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dc.contributor.convenorCraig Priest
dc.contributor.authorLI, Paul
dc.contributor.authorKhamenehfar, Avid
dc.contributor.authorKosia, Baindu
dc.contributor.authorLopez, Alejandro
dc.contributor.authorSchmidt, Chris W.
dc.date.accessioned2013-06-28
dc.date.accessioned2017-03-02T01:13:11Z
dc.date.available2017-03-02T01:13:11Z
dc.date.issued2013
dc.date.modified2014-05-27T22:24:47Z
dc.identifier.urihttp://hdl.handle.net/10072/59287
dc.description.abstractLong-term monitoring of biochemical changes on a single cell has provided new information about unusual cellular response to reagents. A microchip device that was fabricated with a cell retention chamber allows selection, retention and shuttling of a single biological cell for long-time analysis. Excellent optical and fluorescent observation of the single cell have been simultaneously achieved. We previously reported this microfluidic method for the analysis on single multi-drug resistance (MDR) leukemia cells because MDR-mediated drug efflux is known to be a major cause of the failure of chemotherapy. This measurement method is dubbed as the same-single-cell analysis (SASCA), which takes advantages of tracking one and the same cell over a long period of time. This method is now employed to study cell-to-cell interaction in cancer research using the mouse cell model. In Australia, melanoma is the most common cancer in the 15-44 year age group and accounts for 3% of all cancer deaths. Queensland has the highest incidence rate of melanoma in the world. The murine melanoma B16OVA has been used as a model to determine in what form of cell-derived tumour antigen is cross-presented to murine dendritic cells (DCs). In this study, we have trapped one DC2114 cell in the microfluidic biochip and then bring a second type of cell (i.e. B16OVA) in close proximity to the first cell. The cell-to-cell interaction is then fluorescently imaged to show the time-course changes. We envision this study will provide insight into the mechanism of antigen cross presentation.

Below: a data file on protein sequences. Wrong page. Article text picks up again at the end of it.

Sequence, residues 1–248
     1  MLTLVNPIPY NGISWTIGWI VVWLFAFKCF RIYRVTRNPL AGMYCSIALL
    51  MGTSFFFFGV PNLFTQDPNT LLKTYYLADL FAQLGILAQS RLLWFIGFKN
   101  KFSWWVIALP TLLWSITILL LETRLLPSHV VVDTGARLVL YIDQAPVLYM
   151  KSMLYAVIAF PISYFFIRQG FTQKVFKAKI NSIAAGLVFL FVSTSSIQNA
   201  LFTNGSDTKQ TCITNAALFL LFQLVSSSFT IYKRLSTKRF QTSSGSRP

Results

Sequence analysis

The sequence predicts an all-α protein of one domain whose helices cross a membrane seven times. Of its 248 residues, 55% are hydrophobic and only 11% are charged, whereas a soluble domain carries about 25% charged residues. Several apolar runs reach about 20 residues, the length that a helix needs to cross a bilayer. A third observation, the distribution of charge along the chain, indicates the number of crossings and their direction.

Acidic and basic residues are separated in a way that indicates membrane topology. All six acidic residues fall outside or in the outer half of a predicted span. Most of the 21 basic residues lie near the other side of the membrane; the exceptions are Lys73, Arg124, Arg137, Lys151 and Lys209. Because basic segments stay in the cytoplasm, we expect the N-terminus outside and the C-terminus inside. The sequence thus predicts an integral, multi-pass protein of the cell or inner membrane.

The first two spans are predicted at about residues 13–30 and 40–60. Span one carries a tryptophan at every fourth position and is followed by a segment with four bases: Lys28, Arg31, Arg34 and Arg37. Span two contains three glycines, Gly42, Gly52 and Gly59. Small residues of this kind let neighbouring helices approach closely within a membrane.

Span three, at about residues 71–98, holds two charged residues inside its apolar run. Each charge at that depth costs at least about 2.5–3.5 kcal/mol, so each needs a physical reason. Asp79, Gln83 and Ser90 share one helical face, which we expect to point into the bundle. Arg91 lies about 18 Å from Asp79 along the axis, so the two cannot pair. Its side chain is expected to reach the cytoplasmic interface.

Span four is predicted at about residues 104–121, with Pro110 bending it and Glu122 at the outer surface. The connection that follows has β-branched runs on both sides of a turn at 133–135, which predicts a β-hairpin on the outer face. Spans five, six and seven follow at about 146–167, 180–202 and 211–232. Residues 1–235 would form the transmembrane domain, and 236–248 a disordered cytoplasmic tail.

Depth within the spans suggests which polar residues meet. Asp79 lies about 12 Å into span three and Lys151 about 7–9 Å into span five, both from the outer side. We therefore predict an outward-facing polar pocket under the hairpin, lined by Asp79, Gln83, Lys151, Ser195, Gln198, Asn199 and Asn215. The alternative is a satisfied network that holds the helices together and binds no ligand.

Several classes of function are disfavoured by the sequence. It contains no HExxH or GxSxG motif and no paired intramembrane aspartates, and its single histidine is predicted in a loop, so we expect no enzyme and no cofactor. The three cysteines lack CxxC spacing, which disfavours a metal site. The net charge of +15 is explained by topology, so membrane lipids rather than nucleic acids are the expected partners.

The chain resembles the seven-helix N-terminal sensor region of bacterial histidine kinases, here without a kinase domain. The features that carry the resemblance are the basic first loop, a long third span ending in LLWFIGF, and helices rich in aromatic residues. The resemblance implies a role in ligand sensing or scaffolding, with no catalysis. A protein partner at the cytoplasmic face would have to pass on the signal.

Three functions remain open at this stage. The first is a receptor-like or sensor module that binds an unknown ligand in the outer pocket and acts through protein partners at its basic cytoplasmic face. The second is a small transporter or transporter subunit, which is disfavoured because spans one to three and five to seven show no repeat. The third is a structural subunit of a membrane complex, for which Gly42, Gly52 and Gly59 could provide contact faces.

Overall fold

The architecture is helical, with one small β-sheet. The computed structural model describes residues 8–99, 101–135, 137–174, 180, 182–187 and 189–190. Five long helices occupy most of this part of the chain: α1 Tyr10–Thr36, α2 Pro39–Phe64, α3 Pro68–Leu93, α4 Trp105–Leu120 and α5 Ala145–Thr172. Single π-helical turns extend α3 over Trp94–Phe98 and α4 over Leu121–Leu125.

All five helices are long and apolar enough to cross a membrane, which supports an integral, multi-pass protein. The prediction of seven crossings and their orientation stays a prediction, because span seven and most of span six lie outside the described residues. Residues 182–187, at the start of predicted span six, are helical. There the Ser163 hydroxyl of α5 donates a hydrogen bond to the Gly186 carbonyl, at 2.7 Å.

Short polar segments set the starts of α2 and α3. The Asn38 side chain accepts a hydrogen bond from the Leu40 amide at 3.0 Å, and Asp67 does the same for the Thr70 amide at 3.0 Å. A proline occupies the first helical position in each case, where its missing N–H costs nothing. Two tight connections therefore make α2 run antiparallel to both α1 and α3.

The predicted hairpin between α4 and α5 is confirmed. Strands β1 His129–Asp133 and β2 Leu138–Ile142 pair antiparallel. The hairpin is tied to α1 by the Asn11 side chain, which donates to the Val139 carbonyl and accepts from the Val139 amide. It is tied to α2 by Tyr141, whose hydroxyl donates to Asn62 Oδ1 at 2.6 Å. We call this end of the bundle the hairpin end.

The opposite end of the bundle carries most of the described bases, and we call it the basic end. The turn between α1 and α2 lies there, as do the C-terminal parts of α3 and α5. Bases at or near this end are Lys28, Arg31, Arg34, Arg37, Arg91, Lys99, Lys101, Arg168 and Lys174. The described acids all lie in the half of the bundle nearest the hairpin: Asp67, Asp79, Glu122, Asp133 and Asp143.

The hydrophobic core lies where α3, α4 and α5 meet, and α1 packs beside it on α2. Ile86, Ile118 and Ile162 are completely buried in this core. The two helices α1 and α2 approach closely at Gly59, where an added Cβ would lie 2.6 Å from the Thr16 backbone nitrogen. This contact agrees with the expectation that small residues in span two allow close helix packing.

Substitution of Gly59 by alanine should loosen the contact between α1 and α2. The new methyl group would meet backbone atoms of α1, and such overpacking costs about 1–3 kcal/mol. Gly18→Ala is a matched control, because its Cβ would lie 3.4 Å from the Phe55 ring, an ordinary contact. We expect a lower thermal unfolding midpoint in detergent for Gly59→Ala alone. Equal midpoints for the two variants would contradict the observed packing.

dc.description.peerreviewedNo
dc.description.publicationstatusYes
dc.format.extent278605 bytes
dc.format.mimetypeapplication/pdf
dc.languageEnglish
dc.language.isoeng
dc.publisherAustralia and New Zealand Micro/Nanofluidics
dc.publisher.placeSouth Australia
dc.publisher.urihttp://www.flinders.edu.au/events/show/event/4th-australian-and-new-zealand-micro-nanofluidic-symposium-and-student-workshop
dc.relation.ispartofstudentpublicationN
dc.relation.ispartofconferencename4th Australia and New Zealand Micro/Nanofluidics Symposium
dc.relation.ispartofconferencetitle4th Australia and New Zealand Micro/Nanofluidics Symposium
dc.relation.ispartofdatefrom2013-04-22
dc.relation.ispartofdateto2013-06-24
dc.relation.ispartoflocationAdelaide, SA, Australia
dc.rights.retentionN
dc.subject.fieldofresearchTumour Immunology
dc.subject.fieldofresearchcode110709
dc.titleCell-to-cell interaction of a mouse dendritic cell and a mouse melanoma cell studied within a microfluidic chip
dc.typeConference output
dc.type.descriptionE3 - Conferences (Extract Paper)
dc.type.codee3
gro.facultyFaculty of Science, Environment, Engineering and Technology
gro.rights.copyright© The Author(s) 2013. The attached file is reproduced here in accordance with the copyright policy of the publisher. For information about this conference please refer to the conference’s website or contact the authors.
gro.date.issued2013
gro.hasfulltextFull Text
gro.griffith.authorLopez Ramirez, Alejandro


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    Contains papers delivered by Griffith authors at national and international conferences.

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